Business structure is important — should you operate through a trust or a company? In…
Trustee Company vs Trust vs Company – What’s the Difference?
Organising the right corporate structure requires understanding the various options available. We cover the most popular corporate structures employed in startups.
From the outset of the startup journey it’s important to establish your foundations correctly to avoid delays and uneccessary legal/accounting fees later on.
Some of the structures you’ll come across appear quite similar but really carry a world of difference. We cover the main ones here.
Discretionary trusts are a popular tool amongst founders for a number of reasons most notably their asset protection & income distribution charactertistics.
Whilst not a separate legal entity in its own right, the discretionary trust (often designated as a family trust) allows a trustee to control the flow of profits made by the trust to designated beneficiaries. The beneficiaries of these ‘distributions’ are often the directors, their associated entities and immediate family members.
The trustee of a trust plays an important role in a trust and is often responsible for directing main activities of the trust.
Whilst trusts with individual trustees are certainly possible, the intergenerational nature of employing a company for this purpose means it is the popular entity for acting as a trustee.
A corporate trustee, also known as a trustee company, have most of the characteristics of a usual company except their activity for accounting and tax purposes is largely dormant.
When registering a TFN or ABN for a trust, the name will often feature “Trustee for ##### trust” otherwise the only identication relating to the trustee company itself will just be the ACN.
The directors and shareholders for the corporate trustee are generally the same persons involved in the main business, although their partners might be a shareholder as well.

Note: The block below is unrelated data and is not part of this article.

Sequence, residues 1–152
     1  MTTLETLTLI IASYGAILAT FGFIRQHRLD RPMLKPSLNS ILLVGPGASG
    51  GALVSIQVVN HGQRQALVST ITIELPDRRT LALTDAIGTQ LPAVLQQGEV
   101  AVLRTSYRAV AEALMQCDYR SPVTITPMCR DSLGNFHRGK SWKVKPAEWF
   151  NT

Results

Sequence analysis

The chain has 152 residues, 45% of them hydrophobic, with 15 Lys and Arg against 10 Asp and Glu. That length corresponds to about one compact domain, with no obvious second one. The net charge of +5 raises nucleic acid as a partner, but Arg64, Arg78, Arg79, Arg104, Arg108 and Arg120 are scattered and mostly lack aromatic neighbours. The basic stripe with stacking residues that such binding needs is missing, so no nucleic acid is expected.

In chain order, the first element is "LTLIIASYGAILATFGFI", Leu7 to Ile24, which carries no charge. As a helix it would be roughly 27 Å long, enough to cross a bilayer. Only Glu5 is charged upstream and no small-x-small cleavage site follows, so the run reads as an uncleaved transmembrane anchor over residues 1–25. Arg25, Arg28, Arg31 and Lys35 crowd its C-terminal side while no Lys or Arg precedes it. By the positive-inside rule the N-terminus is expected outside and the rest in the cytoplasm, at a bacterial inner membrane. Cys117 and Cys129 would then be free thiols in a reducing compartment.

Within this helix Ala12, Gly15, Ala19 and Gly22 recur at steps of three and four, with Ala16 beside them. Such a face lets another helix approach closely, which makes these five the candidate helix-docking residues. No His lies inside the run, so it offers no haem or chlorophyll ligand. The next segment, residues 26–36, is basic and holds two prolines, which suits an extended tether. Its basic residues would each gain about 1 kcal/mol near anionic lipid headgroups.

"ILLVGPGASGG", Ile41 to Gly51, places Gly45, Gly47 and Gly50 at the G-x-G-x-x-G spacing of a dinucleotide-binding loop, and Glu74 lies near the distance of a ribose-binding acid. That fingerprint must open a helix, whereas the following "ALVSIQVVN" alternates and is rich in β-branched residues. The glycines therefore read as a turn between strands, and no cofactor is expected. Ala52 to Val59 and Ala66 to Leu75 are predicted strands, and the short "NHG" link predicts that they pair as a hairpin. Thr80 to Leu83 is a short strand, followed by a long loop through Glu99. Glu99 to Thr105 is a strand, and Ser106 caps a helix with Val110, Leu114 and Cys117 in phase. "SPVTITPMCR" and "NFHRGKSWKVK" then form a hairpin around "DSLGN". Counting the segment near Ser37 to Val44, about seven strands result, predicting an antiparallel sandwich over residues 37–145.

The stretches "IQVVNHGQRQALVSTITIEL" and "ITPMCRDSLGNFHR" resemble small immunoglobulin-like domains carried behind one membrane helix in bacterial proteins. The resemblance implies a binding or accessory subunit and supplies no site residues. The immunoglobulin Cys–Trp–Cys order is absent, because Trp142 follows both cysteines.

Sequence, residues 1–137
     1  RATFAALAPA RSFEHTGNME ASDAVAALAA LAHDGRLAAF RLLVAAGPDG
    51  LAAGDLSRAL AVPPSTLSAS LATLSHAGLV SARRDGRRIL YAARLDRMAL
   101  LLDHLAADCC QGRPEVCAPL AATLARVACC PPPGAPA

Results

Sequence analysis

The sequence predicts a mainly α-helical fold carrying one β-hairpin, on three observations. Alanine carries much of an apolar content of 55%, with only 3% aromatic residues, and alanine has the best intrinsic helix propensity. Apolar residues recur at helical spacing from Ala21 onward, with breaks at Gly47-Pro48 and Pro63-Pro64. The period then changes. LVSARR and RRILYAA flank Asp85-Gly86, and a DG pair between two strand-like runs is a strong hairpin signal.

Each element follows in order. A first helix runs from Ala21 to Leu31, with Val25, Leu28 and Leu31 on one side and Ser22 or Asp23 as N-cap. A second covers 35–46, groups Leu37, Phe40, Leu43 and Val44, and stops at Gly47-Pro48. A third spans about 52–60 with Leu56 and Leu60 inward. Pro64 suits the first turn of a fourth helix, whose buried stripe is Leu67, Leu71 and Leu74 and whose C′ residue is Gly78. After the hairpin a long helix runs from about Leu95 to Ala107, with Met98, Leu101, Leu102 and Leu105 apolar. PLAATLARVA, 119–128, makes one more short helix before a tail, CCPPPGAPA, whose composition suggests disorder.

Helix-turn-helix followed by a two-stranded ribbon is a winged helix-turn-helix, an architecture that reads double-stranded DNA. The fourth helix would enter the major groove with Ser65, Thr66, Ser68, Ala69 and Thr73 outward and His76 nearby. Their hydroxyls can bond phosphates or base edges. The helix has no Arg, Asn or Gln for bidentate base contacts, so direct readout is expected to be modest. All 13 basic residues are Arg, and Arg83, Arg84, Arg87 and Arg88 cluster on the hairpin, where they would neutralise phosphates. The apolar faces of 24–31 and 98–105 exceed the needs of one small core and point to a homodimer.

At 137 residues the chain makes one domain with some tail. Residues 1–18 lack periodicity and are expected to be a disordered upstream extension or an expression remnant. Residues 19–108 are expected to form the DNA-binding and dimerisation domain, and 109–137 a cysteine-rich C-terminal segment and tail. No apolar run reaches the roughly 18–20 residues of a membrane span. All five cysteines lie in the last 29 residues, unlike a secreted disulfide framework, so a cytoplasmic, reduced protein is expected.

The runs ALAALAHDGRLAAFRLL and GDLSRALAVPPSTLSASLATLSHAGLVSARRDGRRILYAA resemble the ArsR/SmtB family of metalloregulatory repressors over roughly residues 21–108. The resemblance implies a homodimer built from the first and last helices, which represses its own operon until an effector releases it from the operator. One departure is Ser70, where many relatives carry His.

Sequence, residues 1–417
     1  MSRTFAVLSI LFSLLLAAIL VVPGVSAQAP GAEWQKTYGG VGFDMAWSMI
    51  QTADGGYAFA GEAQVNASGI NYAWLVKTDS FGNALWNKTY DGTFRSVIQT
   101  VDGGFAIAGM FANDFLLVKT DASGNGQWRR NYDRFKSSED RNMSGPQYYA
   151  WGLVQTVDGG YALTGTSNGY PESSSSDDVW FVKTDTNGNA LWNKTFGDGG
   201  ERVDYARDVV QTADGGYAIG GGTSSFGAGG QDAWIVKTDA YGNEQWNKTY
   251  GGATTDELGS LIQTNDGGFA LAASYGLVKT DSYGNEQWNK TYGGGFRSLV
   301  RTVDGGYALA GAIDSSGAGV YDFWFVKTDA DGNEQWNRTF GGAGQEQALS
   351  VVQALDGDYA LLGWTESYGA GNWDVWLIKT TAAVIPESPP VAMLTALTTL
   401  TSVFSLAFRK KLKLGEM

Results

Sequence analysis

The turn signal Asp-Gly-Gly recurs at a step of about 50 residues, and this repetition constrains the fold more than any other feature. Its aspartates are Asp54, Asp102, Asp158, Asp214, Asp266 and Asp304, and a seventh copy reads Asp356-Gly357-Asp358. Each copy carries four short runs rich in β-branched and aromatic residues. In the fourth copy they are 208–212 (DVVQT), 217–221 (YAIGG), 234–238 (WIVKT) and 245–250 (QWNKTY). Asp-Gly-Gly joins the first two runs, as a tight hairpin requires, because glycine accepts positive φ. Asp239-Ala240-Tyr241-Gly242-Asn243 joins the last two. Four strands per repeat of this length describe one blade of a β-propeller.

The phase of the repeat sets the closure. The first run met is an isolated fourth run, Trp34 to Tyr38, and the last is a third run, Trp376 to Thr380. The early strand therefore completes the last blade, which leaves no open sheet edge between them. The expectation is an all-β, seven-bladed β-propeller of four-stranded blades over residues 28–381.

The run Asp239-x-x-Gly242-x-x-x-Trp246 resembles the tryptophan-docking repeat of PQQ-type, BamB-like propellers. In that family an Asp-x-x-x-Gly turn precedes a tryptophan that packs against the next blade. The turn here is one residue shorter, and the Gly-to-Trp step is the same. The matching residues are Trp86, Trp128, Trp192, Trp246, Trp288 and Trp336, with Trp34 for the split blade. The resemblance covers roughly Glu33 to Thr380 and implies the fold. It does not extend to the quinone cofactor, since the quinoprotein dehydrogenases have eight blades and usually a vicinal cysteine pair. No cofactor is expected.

The holding company is usually responsible for holding the main IP of the company along with having the biggest cap table owing to outside investors and founder shareholdings.
The trust above owns shares in the holding company, giving rise to the usual benefits of share ownership being dividends and (usually) voting rights.
The trading company is usually responsible for managing the public face of the company – trading with customers, managing suppliers and hiring staff. By segregating the main activity from the IP, groups are protecting themselves should an unscruplous operator try to sue the company.
Trading companies are usually wholly owned by the parent company and known as subsidiary companies. A different subsidiary might be setup for every country the group decides to hire staff in to manage local payroll & tax considerations more effectively.
The holding company holds shares in the trading company.
The Golden Standard for Group Structures
Here’s a diagram that represents the golden standard for corporate structures.
This particular structure segregates the various elements into different entities, minimising risk should any of the particular elements get compromised.
It also allows for an efficient way for investors and other key business partners to get directly involved in equity for whole group (as opposed to piecemeal sections).
As the business expands, further subsidiaries can be added on per territory.
If you need support with building your corporate structure, please reach out to your Fullstack advisor.
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Stuart Reynolds is the founder of Fullstack Advisory, an award-winning accounting firm for businesses leading the future. He is a 3rd generation accountant who specialises in tech companies, agencies and entrepreneurs.